The Middle East (ME) is in flux. Direct conflicts, as well as indirect and proxy wars that are being fought in the region, can result in an all-out war that will drag many countries in the conflict. Given the close relations that Pakistan has with some of the countries in the region, many feared that Pakistan would not be able to avoid being a party should any such war break. However, the government of Pakistan has made the right choice of not taking sides in case any conflict surfaces. Pakistan’s Foreign Minister (FM) Shah Mehmood Qureshi has made it clear to his counterparts from Iran, Saudi Arabia, the United Arab Emirates and Turkey. The government deserves appreciation for remaining neutral in any such situation.

Pakistan’s history is a classic case study that demonstrates the flaws of a foreign policy that is erected on taking sides in a conflict between other nations. It is welcome that the policymakers and rulers of the country have realised this. It is encouraging that our government is not only relying on the principle of non-alignment, but it’s also making efforts to mediate between some of the most influential Muslim countries.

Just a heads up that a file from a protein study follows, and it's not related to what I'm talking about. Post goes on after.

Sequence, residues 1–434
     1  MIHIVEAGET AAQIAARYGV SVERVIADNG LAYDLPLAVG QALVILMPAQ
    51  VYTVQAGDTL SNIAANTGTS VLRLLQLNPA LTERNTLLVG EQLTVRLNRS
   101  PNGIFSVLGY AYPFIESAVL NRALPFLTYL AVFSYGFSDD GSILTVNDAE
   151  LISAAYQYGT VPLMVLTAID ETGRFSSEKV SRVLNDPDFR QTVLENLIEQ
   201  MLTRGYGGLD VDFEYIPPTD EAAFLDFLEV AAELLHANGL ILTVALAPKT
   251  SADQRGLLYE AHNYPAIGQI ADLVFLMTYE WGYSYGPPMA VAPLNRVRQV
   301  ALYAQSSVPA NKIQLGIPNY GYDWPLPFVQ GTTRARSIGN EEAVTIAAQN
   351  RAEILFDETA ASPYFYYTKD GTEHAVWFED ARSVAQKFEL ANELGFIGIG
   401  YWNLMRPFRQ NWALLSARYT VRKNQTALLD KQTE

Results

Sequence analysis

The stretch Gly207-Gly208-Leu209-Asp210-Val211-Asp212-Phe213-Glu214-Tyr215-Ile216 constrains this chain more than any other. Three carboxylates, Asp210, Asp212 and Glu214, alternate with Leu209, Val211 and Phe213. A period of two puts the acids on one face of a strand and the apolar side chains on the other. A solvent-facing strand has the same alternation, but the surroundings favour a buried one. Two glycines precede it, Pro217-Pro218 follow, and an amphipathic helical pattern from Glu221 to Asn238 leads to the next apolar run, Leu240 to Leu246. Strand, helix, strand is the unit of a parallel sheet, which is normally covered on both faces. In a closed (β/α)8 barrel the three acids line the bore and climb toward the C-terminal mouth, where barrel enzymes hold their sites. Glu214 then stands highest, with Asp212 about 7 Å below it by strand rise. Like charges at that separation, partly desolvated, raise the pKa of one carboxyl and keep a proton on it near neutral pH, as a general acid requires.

In recent times, Pakistan’s Prime Minister (PM) Imran Khan emerged as a statesman who sincerely believes in peace. He had offered his services to both the United States (US) and Iran to deescalate the tensions between them. Likewise, he wants Saudi Arabia and Iran to sort out their differences through dialogue. And his assurance to both sides to play a constructive role in bridging the widening gulf between them shows the humanistic nature of Pakistan’s foreign policy. Such gestures and the words of FM Mr Qureshi that Pakistan would neither allow its soil against any country nor become part of any regional conflict attest the positive and much-needed change in our foreign policy.

Similarly, the words of the Inter-Services Public Relations (ISPR) Major General Asif Ghafoor indicate that both the civilian and military leaderships of the country are on the same page in this regard. While the leadership of the country has brushed aside all sorts of rumours related to Pakistan’s role in the possible conflict in the region, the government needs to refrain its ministers from making irresponsible comments. For instance, the recent remarks of the Federal Minister for Religious Affairs and Interfaith Harmony Pir Noor-ul-Haq Qadri at a ceremony were not in line with the government’s stance. Such statements can cause more harm to Pakistan’s interests than anything else.